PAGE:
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Cassandra Tutorials

Cassandra is a distributed database from Apache that is highly scalable and designed to manage very large amounts of structured data. It provides high availability with no single point of failure.

The tutorial starts off with a basic introduction of Cassandra followed by its architecture, installation, and important classes and interfaces.

Introduction

The open source Apache Cassandra NoSQL database has quickly become the preferred data management platform for cloud applications that need to scale and perform in distributed environments that consist of multiple data centers and/or clouds.

Cassandra’s masterless, shared nothing architecture provides enterprises with constant uptime for their transactional/operational database applications as well as a flexible data model capable of storing today’s modern datatypes and operational simplicity for easy database management.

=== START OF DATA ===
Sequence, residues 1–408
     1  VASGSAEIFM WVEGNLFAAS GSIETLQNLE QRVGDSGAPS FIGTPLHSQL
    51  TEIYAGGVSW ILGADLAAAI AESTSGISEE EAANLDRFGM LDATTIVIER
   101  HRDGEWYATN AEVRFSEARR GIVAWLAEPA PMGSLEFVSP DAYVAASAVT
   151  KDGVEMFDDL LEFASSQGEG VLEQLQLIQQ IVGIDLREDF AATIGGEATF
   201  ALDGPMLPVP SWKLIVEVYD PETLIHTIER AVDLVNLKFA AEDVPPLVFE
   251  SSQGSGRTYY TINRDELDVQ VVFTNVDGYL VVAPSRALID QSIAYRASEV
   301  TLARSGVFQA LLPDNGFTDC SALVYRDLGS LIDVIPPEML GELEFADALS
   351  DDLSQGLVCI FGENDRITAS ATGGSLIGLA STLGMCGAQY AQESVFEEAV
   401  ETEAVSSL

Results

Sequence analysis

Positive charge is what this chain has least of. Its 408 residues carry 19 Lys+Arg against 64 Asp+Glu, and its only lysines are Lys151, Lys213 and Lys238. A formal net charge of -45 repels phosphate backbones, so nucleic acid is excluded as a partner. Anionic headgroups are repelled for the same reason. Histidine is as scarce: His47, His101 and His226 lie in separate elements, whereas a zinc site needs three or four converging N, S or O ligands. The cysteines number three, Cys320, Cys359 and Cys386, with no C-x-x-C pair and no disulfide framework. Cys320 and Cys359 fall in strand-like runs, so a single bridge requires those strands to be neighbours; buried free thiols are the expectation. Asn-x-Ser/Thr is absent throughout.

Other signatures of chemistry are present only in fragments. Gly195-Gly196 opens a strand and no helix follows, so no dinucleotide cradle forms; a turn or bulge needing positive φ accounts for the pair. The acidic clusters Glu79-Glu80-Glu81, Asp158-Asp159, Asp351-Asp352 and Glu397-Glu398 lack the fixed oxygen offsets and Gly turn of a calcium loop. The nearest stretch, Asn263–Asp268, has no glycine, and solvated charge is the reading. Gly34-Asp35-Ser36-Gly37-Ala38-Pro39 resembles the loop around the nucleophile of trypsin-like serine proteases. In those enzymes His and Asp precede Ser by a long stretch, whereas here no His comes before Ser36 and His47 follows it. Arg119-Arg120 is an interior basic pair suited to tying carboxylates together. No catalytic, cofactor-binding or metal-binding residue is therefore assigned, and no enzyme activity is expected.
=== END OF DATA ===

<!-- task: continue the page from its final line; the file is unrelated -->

The Certified Cassandra in DataStax Enterprise builds upon open source Cassandra to deliver a database for cloud applications.

Apache Cassandra is a highly scalable, high-performance distributed database designed to handle large amounts of data across many commodity servers, providing high availability with no single point of failure. It is a type of NoSQL database. Let us first understand what a NoSQL database does.

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NoSQL Database

A NoSQL database (sometimes called as Not Only SQL) is a database that provides a mechanism to store and retrieve data other than the tabular relations used in relational databases. These databases are schema-free, support easy replication, have simple API, eventually consistent, and can handle huge amounts of data.

The primary objective of a NoSQL database is to have

-simplicity of design,

-horizontal scaling, and

-finer control over availability.